However, Charbonneau and Lehtomäki see a great deal of opportunities for promoting equal participation in online studies.

“People often think that an international group of higher education students is automatically a diverse one. In reality, this is not the case,” Charbonneau says.
“For example, a family, disabilities or pets may be a reason to skip the exchange,” Lehtomäki specifies.

According to Lehtomäki, online studies cannot entirely compensate for a period abroad, but it may slightly increase the equality of international opportunities by offering internationalisation to those for whom it would otherwise not be possible. She considers international opportunities important because international cooperation teaches critical thinking, among other things. Critical thinking means questioning one's own ways of thinking and understanding the realities of others.

“In online studies, this also happens in an environmentally friendly way as you do not need to fly long distances,” Lehtomäki notes.

Virtual cooperation continues

Although the online course at the University of Oulu has already ended and Charbonneau has completed her thesis, cooperation between Charbonneau and the teachers of the course still continues. They are working on an article on the opportunities and challenges of technology in engaging everyone and promoting equal participation. 

The Erasmus+ student exchange thus initiated long-term cooperation, which has not required people to be in the same place. Instead, they have been working online. 

Lehtomäki hopes to see more extensive development in virtual international cooperation as it is one way of offering good learning experiences and capabilities for career development to students.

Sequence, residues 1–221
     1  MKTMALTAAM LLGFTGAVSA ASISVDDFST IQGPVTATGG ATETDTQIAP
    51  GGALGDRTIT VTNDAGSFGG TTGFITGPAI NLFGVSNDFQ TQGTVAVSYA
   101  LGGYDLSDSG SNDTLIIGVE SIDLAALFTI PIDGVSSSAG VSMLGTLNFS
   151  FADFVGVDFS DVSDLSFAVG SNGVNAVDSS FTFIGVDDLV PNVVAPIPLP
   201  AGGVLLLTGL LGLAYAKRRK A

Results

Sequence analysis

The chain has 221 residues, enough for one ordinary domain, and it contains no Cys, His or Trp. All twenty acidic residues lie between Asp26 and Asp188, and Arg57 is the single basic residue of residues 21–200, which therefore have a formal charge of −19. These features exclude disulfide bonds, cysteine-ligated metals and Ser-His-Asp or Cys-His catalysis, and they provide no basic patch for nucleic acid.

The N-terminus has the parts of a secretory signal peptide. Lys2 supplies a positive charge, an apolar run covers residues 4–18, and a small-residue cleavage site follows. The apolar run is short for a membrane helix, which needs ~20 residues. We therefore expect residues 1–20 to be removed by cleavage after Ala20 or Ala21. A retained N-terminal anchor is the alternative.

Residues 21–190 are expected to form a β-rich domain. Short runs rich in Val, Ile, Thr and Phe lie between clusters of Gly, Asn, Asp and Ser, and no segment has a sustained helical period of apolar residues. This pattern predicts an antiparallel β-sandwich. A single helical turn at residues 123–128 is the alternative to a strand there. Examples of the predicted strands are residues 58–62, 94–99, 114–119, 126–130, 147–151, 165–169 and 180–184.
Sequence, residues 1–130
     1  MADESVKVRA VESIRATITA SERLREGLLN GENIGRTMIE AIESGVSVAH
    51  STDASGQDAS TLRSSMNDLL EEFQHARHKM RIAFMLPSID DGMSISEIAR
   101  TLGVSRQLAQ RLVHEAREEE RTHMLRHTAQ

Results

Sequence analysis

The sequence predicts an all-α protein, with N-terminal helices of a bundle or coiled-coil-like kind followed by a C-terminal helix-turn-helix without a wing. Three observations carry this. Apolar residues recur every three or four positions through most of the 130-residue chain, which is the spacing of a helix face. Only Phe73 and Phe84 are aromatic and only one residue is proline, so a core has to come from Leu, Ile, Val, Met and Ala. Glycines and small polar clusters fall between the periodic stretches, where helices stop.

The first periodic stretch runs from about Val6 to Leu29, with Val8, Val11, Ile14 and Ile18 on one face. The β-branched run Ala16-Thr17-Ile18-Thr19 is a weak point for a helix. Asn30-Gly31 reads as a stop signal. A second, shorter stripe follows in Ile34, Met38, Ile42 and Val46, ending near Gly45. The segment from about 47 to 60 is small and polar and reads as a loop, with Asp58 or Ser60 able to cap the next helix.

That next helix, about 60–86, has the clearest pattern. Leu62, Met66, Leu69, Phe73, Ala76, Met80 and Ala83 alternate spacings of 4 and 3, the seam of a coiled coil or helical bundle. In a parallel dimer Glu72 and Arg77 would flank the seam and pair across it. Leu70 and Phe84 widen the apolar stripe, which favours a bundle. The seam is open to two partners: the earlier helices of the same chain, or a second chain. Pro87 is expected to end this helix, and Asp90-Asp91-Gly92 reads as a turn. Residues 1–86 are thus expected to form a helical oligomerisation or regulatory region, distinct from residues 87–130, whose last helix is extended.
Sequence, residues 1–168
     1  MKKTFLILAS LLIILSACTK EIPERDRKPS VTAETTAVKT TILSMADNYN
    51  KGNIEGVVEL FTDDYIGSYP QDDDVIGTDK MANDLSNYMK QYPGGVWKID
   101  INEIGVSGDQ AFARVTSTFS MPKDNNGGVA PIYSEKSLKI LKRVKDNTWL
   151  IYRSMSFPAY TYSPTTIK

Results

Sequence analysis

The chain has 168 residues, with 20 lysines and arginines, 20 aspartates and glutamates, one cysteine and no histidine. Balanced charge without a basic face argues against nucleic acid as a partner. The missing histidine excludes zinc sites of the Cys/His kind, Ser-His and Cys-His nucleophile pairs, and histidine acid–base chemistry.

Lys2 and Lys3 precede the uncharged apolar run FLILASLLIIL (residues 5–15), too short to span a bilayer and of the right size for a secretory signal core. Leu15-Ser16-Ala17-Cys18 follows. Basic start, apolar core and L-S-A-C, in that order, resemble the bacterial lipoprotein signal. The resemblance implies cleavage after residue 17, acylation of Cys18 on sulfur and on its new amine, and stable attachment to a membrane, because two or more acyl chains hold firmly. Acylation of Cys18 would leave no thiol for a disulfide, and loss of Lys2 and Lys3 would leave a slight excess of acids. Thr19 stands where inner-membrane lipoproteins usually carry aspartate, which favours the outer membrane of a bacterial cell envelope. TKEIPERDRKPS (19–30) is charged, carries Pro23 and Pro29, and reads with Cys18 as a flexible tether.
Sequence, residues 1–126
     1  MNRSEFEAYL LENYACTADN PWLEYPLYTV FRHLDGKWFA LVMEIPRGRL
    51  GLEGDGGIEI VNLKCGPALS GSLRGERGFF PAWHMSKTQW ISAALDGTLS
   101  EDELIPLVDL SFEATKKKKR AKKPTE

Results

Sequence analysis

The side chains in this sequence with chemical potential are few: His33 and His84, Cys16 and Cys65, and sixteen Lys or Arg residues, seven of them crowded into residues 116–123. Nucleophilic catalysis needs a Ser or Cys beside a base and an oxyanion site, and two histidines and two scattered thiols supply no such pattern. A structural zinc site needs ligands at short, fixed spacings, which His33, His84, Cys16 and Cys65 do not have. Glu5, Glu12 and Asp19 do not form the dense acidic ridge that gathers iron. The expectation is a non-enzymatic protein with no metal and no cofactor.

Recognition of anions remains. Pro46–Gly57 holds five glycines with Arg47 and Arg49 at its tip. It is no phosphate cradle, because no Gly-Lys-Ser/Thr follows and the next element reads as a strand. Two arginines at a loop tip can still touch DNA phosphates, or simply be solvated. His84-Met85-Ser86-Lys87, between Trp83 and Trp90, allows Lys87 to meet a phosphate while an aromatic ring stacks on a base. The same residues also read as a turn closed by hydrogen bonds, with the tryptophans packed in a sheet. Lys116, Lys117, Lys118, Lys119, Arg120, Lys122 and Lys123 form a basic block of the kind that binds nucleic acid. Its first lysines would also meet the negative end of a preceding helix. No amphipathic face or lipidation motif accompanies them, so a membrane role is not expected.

“More online courses could be organised and universities could offer more traineeships, even remotely. Funding from the Erasmus+ programme could also be used for developing different projects that would be carried out online and implemented together by students from several different countries,” Lehtomäki says enthusiastically. 

However, according to Lehtomäki, it is important to collect feedback and analyse the activities when developing virtual internationalisation and online studies. Research on virtuality and internationalisation, cooperation similar to what Lehtomäki and Charbonneau have done, and research on online studies, such as Charbonneau’s thesis, are therefore required. 

Tips from Charbonneau and Lehtomäki to those considering participation in Erasmus+ activities


  • Think about a goal. Think about whether the main goal of your exchange is participation in interesting courses or intercultural learning. Choose your destination and plan the programme for the exchange according to your goals. This increases the success of your exchange. 
  • Take initiative. You should also ask about options that are not offered directly.
  • Keep on applying. Completing applications may sometimes feel exhausting or challenging, but it is worth it!


  • Offer a place for traineeship. Traineeships are important opportunities for students. They help students gain new perspectives. 
  • Go abroad virtually. Teachers should also take advantage of the opportunities and “visit” other educational institutions. In addition to individual visits, it would be important to create a constant dialogue between different actors.
  • Project type: Erasmus+ for Higher Education, Student mobility and traineeship in higher education
  • Sending university: Stockholm University
  • Receiving university: University of Oulu
  • Project period: Student exchange autumn term 2019, traineeship in higher education spring 2020
  • Partner countries: Sweden and Finland
  • Funding: The grant for students’ mobility or traineeship varies according to the destination country and other factors.

Author: Alma Smolander